I was a foot shorter than I am now but that didn’t stop Dad standing right at the back of the stand, leaving me to peer over heads and hope most of the action happened up the other end where I could see. I missed us almost take a 12th minute lead after one of their defenders sliced against his own bar, but I managed to get a decent view of Paul Stannicliffe scuffing home a 21st minute opener for them.
I still find away days very odd because those first fifteen or twenty minutes define the mood of the day. every away day starts with hope and optimism, these days usually in a minibus full of people drinking and predicting Lincoln wins, but those first twenty minutes either shatter illusions or help to create them. Barnet this season was a classic example, high spirits all the way to Barnet, plenty to sing about before the game then as soon as the teams started you knew it wasn’t our day. My first away day was just like that, without the beer and with a little more Madonna than I might have liked. at least Mum hadn’t driven I’d be suffering Elkie Brooks and Tammy Wynette all the way home.
I’ve billed it as a classic at the top of the page, it probably wasn’t. It rained a bit, we attacked a bit, they attacked a bit and then it was half time. Dad enlightened me as to why we were stood at the back, his boss was stood in front of us and he didn’t want to see him. He referred to him as ‘Dewsy’ and urged me to half-suck Polo mints before flicking them forward onto his balding head. I obliged, much to the amusement of my Dad, after all I was still a kid and the guys hair went around the sides of his head leaving the bald bit on top as a proper target. Dewsy was not so understanding, but he just couldn’t figure out where the sticky half-sucked mints were coming from.
The second half offered some respite for my Dad’s hapless boss as my Polo supply ran out. Lincoln’s ideas ran out too, not before Jason Lee had got a great chance to make it 1-1. He raced forward, one on one with York’s Dean Kiely. He steadied himself, we all drew breath as the game hinged on one crucial moment. Lee met Kiely’s eyes, took a swing at the ball and immediately cemented his image of useless striker in my mind for all eternity. The ball was a couple of feet behind him, he’d ran on without it and swiped at thin air.
Having a striker playing with his own invisible ball was never going to help us get a result, neither a mix-up between our defenders and keeper which allowed Tony Canham to score. I’m not pointing any fingers, but both Matt Carmichael and Grant Brown were on defensive duty that day.
Dad told me that losing was alright because their manager was John Ward, the famous Lincolnshire Poacher. We’d buried my granddad eighteen months or so before in a John Ward scarf, so apparently it wasn’t all bad. It felt all bad, we had a long rive home to go and I’d already inhaled enough passive smoke for one day.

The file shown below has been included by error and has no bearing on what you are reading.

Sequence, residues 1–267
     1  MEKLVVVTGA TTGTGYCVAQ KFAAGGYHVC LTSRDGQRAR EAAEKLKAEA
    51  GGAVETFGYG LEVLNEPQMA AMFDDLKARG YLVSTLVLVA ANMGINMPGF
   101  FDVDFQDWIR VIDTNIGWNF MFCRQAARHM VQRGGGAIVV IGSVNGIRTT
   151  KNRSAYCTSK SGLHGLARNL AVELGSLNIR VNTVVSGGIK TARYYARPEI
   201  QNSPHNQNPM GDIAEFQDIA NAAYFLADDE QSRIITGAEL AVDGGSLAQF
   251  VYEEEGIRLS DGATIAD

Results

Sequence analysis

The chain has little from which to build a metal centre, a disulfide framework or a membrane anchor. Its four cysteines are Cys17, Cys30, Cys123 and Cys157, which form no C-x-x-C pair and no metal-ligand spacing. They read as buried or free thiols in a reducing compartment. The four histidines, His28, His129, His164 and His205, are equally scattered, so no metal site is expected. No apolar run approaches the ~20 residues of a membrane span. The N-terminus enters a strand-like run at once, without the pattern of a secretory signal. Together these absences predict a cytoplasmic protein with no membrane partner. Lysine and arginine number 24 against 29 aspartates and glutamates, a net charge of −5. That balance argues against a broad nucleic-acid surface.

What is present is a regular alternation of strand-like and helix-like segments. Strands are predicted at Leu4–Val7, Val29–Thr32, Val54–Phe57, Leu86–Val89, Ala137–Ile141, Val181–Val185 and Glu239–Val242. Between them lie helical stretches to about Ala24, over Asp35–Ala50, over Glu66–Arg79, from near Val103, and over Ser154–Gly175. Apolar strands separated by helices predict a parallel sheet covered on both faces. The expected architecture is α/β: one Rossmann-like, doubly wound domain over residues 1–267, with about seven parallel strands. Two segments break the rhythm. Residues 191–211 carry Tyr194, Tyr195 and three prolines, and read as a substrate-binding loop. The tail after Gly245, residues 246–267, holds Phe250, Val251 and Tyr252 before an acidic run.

That warm-hearted feeling soon evaporated as the Imps fans began to sing anti-miner songs at York’s support. I didn’t understand it at the time, but the miners strike and subsequent struggle had obviously affected the area. The song went along the lines of ‘you can stick your something miners up your arse’. It was an eye opener because on the news I’d seen how tragic the effects of mine closure had been and yet apparently in the context of a football match, we really didn’t care. I didn’t sing it, not because of the swearing but because frankly I was bored. 2-0 down and we still had 15 minutes or so of standing around in the rain left to go.
That song riled their support up sufficiently to warrant chasing us out of the ground, something no 14-year old expects to have to witness on his first away day. I remember Dad charging towards the car and yelling back at me ‘if I get too far ahead, shout me’. He then looked on as I overtook him and got back to the car a good five minutes before he came panting around the corner, still convinced we were about to taste some York City Dr Martens.
We only felt safe as we headed out of York listening to the ‘Sports Report’ on the BBC. The tune was so memorable, and I can hum it even to this day, but I’m not entirely sure how I’d convey it in words. It went something like ‘der-der der-der der-der-der-der-der, der-der der-der der-der’, if you remember it, you’ll know. It made a change from listening to Material Girl then waiting while Dad rewound the tape to listen to it again as it was ‘his favourite’.
That was it, my first away day from which I emerged unscathed and a little wiser to the world. A couple of weeks later, as we beat Hereford 2-0 thanks to a Neil Matthews brace, we parked outside Dewsy’s house on Sincil Bank and left a packet of Polo’s on his doorstep to remind him of his journey. Dad said he’d been pretty hacked off after the York game and spent most of the following Monday complaining about it. I never met Dewsy, nor got to apologise for my childish actions as he passed away a few years after that.
I’m usually very good with away days and remembering which we went to and which we didn’t, but I struggle to recall the next time I travelled away. I know the next time I didn’t, it was two weeks later and Dad had got the taste for being beaten on the road and driving home listening to Madonna, so he roped a couple of his mates in to go away to Scunthorpe in the league. I’d have loved to go but a pretty girl I liked was going to be spending the afternoon with my mate’s sister and he invited me to his house to play computer games. So, while City drew 1-1 thanks to Graham Bressington’s goal, I sat huddled around my mates Super Nintendo while a pretty girl and his sister completely ignored us in the next room. Life goals.